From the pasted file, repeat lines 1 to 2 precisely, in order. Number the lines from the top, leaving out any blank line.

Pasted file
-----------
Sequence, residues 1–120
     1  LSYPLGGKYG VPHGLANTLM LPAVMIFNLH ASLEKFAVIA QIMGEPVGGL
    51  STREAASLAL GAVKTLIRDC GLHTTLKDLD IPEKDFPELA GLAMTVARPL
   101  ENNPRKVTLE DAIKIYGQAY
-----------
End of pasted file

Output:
Sequence, residues 1–120
     1  LSYPLGGKYG VPHGLANTLM LPAVMIFNLH ASLEKFAVIA QIMGEPVGGL